But Perk keeps running out there. Brooks loves his vets.
He treats Derek Fisher the same way when he inserts him into games for crucial defensive possessions. It's funny how reputation works like that.
Perk is a gritty guy, so he must be able to make a difference. Fisher's a veteran, so he must be smart. And we all know his biceps, which look like a bunch of Nerf balls stacked on top of each other, give him some sort of anti-aging superpowers.
But who on this team, aside from Westbrook, takes more contested jumpers early in the shot clock than Fisher? Who dribbles into as many unwarranted attempts? And yet, these guys keep getting burn.
One part of the San Antonio Spurs' philosophy that makes Gregg Popovich's team so successful is that he uses the regular season to prepare his players for the most stressful potential postseason moments.
You'll see Cory Joseph run the offense in sparse moments. Or you'll see Tiago Splitter get post-ups. And maybe at the time, it makes no sense. But that's because Pop is grooming his guys.
If the Spurs need to rely on Joseph or Splitter during crucial, late-season or playoff instances, not only will they know more of what they're getting, but they'll also instill some confidence in their players for those moments.
Brooks doesn't groom. It's the same thing all the time.
Jeremy Lamb lost time and opportunities throughout the season. And with that, confidence and trust went out the window.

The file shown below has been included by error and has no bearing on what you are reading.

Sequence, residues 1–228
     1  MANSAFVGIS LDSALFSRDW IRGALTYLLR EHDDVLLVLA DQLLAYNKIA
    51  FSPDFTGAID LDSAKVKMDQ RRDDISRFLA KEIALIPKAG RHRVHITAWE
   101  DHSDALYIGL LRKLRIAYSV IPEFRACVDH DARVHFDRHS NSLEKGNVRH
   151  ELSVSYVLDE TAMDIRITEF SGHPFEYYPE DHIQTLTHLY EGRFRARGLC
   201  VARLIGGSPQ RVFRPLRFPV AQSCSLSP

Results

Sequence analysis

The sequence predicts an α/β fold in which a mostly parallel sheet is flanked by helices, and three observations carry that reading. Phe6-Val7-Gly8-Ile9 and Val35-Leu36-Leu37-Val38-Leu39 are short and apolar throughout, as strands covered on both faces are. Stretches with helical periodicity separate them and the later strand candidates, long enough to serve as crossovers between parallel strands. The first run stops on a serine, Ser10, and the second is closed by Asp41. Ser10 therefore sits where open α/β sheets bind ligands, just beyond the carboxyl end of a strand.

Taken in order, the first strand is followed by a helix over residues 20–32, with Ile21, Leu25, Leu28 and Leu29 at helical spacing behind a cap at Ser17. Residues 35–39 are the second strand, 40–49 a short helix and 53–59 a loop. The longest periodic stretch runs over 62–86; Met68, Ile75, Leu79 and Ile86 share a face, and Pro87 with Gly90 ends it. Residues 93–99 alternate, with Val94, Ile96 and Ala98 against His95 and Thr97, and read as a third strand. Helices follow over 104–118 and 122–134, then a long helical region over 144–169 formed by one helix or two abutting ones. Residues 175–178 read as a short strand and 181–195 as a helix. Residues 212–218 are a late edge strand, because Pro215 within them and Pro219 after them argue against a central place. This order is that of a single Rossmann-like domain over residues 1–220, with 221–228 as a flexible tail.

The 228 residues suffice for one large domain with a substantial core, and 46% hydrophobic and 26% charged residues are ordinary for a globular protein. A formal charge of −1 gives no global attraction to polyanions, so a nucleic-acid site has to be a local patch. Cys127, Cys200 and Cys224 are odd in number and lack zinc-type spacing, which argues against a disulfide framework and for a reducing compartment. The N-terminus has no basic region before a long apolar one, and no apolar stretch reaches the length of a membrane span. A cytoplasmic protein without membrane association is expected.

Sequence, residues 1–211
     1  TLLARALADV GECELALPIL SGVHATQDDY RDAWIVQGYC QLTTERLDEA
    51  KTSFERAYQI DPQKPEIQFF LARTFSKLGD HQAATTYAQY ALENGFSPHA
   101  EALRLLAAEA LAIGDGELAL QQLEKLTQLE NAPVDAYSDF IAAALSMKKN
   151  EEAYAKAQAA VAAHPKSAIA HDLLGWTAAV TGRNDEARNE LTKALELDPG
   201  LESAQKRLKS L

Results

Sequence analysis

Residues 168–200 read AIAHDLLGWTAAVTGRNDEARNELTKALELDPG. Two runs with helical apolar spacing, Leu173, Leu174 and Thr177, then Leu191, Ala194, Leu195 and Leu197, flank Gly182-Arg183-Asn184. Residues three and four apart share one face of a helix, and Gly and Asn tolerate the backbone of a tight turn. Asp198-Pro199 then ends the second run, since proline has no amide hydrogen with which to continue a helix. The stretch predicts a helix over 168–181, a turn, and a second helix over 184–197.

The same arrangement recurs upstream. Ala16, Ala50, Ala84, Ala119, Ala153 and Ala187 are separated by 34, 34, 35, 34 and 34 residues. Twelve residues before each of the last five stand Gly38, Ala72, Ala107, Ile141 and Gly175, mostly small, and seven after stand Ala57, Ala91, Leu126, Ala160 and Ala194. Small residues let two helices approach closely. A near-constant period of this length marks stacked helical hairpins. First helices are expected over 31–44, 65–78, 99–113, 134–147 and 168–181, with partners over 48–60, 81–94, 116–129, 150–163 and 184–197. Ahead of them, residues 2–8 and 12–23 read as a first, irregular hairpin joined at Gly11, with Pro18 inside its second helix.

Perry Jones was the only guy on the pre-Caron Butler roster who was hitting corner threes at a consistent rate, but Brooks wouldn't play him. Instead, the team signed Butler to send Lamb even further into oblivion. And to this day, shooting from the corner remains a struggle when OKC tries to space the floor.
It took Jackson too many games to earn Brooks' trust, and he's still not all the way there. The young guys just haven't progressed at the rate you'd expect—at least at the rate you'd hope.
What Does This Mean?
If a coach is playing the wrong guys, running an offense that isn't up to its capabilities and stifling development, then what is his actual effect?
We can talk about motivation, controlling a locker room and instilling confidence in players, but those are things that are impossible to judge from the outside. We can guess the value of those traits, but unless we're there, we don't know.
That doesn't mean the intangibles have no value; quite the opposite—they're supremely important. But in the interest of fairness, it's improper to speculate on something that isn't provable either way. We just don't know.